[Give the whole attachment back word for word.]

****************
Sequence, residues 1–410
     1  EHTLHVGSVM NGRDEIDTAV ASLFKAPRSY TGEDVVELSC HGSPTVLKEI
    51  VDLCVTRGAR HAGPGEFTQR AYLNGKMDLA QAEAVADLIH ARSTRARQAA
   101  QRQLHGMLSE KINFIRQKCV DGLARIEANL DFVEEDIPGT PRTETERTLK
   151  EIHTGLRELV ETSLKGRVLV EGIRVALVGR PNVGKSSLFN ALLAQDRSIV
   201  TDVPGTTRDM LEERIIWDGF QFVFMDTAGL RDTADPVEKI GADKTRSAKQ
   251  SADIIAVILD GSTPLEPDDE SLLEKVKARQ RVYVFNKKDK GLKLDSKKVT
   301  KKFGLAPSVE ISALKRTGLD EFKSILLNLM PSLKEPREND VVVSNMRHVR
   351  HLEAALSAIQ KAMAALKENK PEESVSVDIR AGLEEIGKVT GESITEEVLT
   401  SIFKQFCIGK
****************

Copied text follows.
Sequence, residues 1–410
     1  EHTLHVGSVM NGRDEIDTAV ASLFKAPRSY TGEDVVELSC HGSPTVLKEI
    51  VDLCVTRGAR HAGPGEFTQR AYLNGKMDLA QAEAVADLIH ARSTRARQAA
   101  QRQLHGMLSE KINFIRQKCV DGLARIEANL DFVEEDIPGT PRTETERTLK
   151  EIHTGLRELV ETSLKGRVLV EGIRVALVGR PNVGKSSLFN ALLAQDRSIV
   201  TDVPGTTRDM LEERIIWDGF QFVFMDTAGL RDTADPVEKI GADKTRSAKQ
   251  SADIIAVILD GSTPLEPDDE SLLEKVKARQ RVYVFNKKDK GLKLDSKKVT
   301  KKFGLAPSVE ISALKRTGLD EFKSILLNLM PSLKEPREND VVVSNMRHVR
   351  HLEAALSAIQ KAMAALKENK PEESVSVDIR AGLEEIGKVT GESITEEVLT
   401  SIFKQFCIGK